Photograph which represents an author having difficulty writing a story.

"Thurlow's Christmas Story" is a short ghost story by the American author John Kendrick Bangs. It first appeared in print, under the title "Thurlow's Ghost Story", in the December 15, 1894 issue of Harper's Weekly Magazine. It was published again, under its current title, in Bangs' 1898 anthology Ghosts I Have Met and Some Others.

The story's title character and protagonist is a writer named Henry Thurlow who is asked to write a ghost story for the Christmas issue of a magazine called the Idler. Thurlow has great difficulty writing the story. At the time that he is supposed to be working on the story, Thurlow finds himself being haunted by a ghostly double of himself. The story is presented in the form of two letters. In the first letter, Thurlow explains why he submitted twenty-four pieces of blank paper to the Idler magazine instead of a story. The second letter is a reply from the editor of the magazine to Thurlow.

An abridged version of "Thurlow's Christmas Story" is read by Christopher Eccleston in the third episode of the British radio mini-series The Devil's Christmas.[1] The episode first aired on BBC Radio 2 on December 19, 2007.


Henry Thurlow is a writer who is well known for his humorous short stories. He has also written many ghost stories, both serious and comic. Henry Thurlow has had many supernatural experiences in his own life. He does not dare speak about them, however, out of fear that people woud believe him to be mad. For some time, Thurlow has been troubled by bad dreams. Each night, Thurlow dreams that he leads a wicked life and commits many crimes.

In the summer, Henry Thurlow is asked by G. Currier, the editor of the Idler magazine, to write a ghost story for the magazine's Christmas issue. Thurlow has a lot of difficulty coming up with a suitable story. In August, he believes that he has come up with the perfect story and writes it down. When he reads his finished story, however, Thurlow finds that it is just a collection of sentences that is completely devoid of any meaning. Thurlow asks Currier to let him have a month of complete rest. Currier agrees to Thurlow's request but tells him that his Christmas story must be completed by October 15.

Thurlow attempts again to write the story, although he does not manage to write down very much of it. During that time, Thurlow also begins to be haunted by a ghostly double of himself. The expression on the double's face suggests that it represent the evil side of Thurlow's personality which he has always tried to repress.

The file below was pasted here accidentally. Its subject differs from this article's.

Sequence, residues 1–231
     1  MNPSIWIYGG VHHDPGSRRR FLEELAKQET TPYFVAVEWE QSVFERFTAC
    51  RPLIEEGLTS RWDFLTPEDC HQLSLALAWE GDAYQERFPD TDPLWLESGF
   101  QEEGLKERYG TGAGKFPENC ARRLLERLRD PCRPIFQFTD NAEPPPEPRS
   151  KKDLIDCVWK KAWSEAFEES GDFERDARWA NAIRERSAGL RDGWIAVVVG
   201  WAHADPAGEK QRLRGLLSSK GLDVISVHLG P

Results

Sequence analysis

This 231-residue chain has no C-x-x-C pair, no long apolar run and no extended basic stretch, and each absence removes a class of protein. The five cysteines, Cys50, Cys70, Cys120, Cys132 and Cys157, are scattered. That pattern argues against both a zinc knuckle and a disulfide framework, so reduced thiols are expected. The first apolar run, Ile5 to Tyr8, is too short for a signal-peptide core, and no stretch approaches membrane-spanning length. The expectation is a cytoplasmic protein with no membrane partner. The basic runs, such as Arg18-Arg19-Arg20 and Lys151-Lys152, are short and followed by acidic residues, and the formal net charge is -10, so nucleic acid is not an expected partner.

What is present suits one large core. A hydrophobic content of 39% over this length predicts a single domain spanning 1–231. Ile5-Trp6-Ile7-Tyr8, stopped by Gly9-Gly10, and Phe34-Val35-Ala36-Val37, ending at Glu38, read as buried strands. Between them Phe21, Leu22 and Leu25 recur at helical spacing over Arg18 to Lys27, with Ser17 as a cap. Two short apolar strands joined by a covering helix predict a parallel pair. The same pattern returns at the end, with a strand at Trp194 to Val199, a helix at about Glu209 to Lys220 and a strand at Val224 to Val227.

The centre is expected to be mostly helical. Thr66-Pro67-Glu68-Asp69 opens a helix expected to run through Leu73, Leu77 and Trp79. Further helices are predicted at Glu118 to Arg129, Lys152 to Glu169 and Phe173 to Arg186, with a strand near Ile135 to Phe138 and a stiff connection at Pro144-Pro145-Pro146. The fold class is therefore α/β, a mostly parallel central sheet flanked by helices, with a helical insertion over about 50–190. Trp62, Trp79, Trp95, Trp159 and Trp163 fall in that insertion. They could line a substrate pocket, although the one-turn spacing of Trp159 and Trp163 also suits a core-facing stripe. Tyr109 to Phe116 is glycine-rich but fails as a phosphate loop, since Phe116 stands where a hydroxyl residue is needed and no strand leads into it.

The evening of October 15 comes. Thurlow has not completed the story and has no possibility of doing so. His doorbell rings. A middle-aged man, whom Thurlow has never seen before, is standing at the door. The man asks if Henry Thurlow the author lives at that address. He is surprised to find out that the man he is talking to is Henry Thurlow. It is later revealed that he did not expect the writer of so many comic stories to look so unhappy. Intrigued, Thurlow invites the man into his house. The visitor explains that he is a great admirer of Thurlow's work. He decided to visit the author while he happened to be in Thurlow's town on business. The two men sit in Thurlow's library and have a long discussion about Thurlow's works and about literature in general. The visitor asks Thurlow about his writing process. Thurlow explains it to him. The process does not sound very demanding. The visitor comments that Thurlow must be a contented man. Although he does not mention his bad dreams or his ghostly double, Thurlow admits to the man that he is troubled because he was supposed to submit a Christmas ghost story to the Idler magazine that day but has failed to write one. The visitor wants to help. He suggests several possible ideas for a story. Although many of his ideas are good, none of them are very original and Thurlow cannot use any of them.